‘Enjoying yourself with someone on a casual basis can be a godsend after a bad break-up’
WHAT IS TBP?
Like the first pancake you try to make – a smooshed dough ball of nothingness – TBP is the first person you date after a serious relationship, destined to end in failure.
‘A bad pancake never turns out to be a real relationship,’ says Molly Bernard’s character, Lauren, to Hilary Duff’s Kelsey in Younger. ‘It’s predestined to fail.’ So you put your good guy on the back burner in order not to squander a diamond in the rough – and you get yourself a bad pancake. Easy, no? Before you rush to a rebound, Lovehoney’s relationship expert Annabelle Knight reminds us that we need
‘Casual dating is completely different to serious dating, and can be useful for someone wanting to move on from a relationship because it can rebuild confidence both in yourself and in dating,’ Knight says. ‘Enjoying yourself with someone on a casual basis can be a godsend when you’re feeling low after a bad break-up, but it’s advisable to be cautious about jumping in the deep end too soon as this can damage your emotional state.’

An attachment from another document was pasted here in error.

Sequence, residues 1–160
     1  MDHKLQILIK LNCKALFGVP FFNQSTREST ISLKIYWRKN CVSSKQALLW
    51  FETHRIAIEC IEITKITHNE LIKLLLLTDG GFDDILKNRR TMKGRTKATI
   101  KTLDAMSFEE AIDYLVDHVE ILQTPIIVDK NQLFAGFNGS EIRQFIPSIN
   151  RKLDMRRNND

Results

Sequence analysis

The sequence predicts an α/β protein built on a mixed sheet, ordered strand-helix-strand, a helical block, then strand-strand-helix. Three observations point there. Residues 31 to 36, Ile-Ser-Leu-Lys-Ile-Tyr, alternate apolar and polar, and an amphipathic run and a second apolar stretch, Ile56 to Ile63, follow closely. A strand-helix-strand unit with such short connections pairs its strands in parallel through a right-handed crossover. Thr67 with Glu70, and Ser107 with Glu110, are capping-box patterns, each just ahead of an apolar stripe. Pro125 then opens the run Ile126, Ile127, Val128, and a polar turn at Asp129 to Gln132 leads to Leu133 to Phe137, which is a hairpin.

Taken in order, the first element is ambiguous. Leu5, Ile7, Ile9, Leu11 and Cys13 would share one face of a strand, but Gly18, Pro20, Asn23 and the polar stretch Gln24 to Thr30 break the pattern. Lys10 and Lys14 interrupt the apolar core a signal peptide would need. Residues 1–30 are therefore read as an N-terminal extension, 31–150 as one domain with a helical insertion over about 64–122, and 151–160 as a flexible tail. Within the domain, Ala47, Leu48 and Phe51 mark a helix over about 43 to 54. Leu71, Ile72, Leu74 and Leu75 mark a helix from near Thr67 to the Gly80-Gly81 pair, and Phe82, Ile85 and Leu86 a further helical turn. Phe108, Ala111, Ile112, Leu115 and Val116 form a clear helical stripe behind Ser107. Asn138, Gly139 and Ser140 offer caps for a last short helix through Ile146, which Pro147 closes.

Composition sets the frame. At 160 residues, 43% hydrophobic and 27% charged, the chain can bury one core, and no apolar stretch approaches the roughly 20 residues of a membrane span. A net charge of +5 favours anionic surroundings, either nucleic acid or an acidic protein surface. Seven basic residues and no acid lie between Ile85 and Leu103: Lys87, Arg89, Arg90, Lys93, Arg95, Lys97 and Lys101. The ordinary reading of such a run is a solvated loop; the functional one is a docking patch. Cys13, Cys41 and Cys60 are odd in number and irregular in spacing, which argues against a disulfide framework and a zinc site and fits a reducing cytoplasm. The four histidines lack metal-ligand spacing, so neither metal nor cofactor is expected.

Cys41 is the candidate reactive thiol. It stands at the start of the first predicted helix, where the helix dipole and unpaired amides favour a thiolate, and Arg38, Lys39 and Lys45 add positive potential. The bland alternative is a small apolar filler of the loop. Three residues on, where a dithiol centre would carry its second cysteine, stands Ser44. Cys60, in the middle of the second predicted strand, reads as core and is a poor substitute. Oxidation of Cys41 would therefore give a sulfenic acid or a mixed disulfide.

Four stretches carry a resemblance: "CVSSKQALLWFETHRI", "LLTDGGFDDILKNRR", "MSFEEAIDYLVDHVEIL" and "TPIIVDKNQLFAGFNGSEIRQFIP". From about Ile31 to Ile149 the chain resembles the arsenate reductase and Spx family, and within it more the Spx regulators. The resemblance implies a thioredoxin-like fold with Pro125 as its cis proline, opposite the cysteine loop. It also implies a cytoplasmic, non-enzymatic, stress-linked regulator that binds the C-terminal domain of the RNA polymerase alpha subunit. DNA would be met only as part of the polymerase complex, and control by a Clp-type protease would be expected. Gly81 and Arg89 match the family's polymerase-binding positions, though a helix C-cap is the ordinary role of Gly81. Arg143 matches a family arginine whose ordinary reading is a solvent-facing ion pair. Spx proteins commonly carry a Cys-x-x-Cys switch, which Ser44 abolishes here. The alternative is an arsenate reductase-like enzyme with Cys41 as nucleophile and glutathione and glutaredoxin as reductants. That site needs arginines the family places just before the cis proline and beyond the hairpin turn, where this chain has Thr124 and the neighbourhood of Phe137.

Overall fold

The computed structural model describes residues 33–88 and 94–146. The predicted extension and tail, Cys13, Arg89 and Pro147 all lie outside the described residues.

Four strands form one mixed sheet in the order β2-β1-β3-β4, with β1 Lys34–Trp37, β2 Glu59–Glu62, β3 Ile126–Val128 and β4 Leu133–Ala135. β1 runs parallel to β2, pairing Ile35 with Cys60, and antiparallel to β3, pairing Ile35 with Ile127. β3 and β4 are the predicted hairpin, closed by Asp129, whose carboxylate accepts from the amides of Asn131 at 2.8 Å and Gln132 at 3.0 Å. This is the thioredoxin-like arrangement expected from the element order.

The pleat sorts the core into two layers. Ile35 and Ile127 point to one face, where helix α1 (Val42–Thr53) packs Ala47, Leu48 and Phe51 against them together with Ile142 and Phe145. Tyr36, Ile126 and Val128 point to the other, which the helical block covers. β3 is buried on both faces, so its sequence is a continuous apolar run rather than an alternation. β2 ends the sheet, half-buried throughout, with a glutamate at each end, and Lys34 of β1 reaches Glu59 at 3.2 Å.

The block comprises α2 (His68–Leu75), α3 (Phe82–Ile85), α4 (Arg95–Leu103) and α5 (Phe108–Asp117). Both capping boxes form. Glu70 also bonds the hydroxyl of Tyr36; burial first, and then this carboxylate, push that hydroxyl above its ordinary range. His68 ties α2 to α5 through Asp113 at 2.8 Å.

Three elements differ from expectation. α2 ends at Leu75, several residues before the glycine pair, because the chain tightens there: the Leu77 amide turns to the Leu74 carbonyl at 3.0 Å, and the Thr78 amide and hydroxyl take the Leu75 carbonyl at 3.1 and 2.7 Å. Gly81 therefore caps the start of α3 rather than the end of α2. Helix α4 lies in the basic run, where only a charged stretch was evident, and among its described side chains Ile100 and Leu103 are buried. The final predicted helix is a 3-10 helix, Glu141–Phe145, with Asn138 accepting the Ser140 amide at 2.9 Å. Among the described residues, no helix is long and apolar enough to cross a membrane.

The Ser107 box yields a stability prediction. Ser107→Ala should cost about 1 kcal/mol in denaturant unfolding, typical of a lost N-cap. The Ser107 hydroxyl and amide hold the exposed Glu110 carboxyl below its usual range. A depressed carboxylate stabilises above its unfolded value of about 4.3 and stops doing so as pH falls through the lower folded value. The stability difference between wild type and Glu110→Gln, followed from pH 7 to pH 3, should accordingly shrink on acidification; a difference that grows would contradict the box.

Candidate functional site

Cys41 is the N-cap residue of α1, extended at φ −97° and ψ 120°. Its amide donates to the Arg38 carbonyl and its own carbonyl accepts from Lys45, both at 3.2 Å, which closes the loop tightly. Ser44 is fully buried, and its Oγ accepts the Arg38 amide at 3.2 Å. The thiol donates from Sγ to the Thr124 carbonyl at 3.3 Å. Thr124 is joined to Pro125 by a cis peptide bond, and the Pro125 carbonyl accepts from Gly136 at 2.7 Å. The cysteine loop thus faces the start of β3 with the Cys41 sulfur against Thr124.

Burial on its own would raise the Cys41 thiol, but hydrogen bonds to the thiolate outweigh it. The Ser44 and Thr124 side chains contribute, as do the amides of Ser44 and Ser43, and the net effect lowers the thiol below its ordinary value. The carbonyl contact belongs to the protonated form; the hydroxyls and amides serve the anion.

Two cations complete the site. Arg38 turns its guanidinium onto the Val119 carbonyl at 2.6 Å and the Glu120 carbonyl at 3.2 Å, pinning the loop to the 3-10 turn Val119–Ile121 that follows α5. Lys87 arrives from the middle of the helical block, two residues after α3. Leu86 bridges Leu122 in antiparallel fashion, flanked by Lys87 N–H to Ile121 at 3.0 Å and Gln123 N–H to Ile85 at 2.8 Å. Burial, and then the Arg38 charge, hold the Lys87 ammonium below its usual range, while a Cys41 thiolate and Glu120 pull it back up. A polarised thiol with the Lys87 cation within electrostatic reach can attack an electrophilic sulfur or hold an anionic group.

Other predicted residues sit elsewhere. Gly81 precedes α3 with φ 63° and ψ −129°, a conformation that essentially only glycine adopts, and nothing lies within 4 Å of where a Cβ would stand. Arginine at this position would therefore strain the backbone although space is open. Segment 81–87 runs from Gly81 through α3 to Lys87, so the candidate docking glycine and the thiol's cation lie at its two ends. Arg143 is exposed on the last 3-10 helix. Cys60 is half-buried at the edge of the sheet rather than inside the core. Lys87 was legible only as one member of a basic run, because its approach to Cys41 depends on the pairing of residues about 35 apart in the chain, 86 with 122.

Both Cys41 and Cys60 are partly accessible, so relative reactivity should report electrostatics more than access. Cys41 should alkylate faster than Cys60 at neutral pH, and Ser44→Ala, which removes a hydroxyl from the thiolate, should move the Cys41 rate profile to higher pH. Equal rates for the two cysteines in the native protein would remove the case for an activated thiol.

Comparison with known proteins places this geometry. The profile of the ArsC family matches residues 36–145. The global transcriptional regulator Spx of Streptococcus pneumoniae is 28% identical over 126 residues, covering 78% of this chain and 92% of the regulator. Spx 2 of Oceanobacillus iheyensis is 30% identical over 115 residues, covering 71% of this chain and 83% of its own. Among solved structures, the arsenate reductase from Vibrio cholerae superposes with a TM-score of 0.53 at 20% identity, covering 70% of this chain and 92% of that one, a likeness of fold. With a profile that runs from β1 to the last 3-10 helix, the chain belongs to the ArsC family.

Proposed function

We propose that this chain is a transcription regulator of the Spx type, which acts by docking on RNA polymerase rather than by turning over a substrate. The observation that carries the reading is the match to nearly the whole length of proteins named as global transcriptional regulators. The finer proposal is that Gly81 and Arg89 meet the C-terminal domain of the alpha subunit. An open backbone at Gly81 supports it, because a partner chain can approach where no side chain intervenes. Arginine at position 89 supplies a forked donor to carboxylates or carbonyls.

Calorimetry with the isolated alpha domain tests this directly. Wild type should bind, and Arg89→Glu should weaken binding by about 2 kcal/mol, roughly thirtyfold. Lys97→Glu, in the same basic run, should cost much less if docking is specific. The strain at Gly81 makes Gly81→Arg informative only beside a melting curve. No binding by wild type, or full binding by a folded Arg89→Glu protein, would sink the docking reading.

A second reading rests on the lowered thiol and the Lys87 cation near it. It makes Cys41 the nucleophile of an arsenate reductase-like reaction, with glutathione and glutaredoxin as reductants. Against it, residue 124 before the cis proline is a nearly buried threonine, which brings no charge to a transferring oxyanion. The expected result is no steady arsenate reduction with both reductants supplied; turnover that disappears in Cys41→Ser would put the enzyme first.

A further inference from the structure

THE FLIP SIDE
Do two bad pancakes make a stack? To an extent, the ol’ adage that the easiest way to get over someone is to get under someone else rings true in the theorem of bad-pancake law when you’re both in a similar frame of mind.
‘If you ended it, you might be ready for new love, because you’d have had one foot out of that relationship for a while before making the decision,’ sex therapist Desiree Spierings says. ‘By the time you leave, you are often more ready to meet new people – you’ve already had a grieving period.’
Knight agrees but warns that, at some point, you’ll need to address and process why your relationship ended so you can learn from it. To be honest, that’s where a bit of bad pancake could come in handy. To move on faster, pass your bad pancake and collect R500. It’s about setting limits for yourself. ‘Identify what’s working for you and what isn’t,’ says Spierings. ‘Often you’ll see people still contacting an ex after a break-up or stalking them on social media. [Note: guilty.] If they’re honest with themselves, this might make them feel worse. Once you’ve identified what’s not working, set limits for yourself – such as, “I will not contact my ex unless it’s about unfi nished housing or fi nancial business.”’
Before you think getting yourself a bad pancake is the secret to relationship bliss, know that rebound flings are seldom destined to last. You can limp along, but ultimately you’ll need the head space that only comes with being on your own for a bit.
‘If you meet someone you like and want to pursue after coming out of a serious relationship, do yourself the courtesy of giving yourself some time,’ says Knight. ‘The relationship stands a much better chance if you both enter it as happy, emotionally healthy individuals. Remember: the only baggage you need to take with you when you start dating is your clutch bag.’ Filled with pancakes.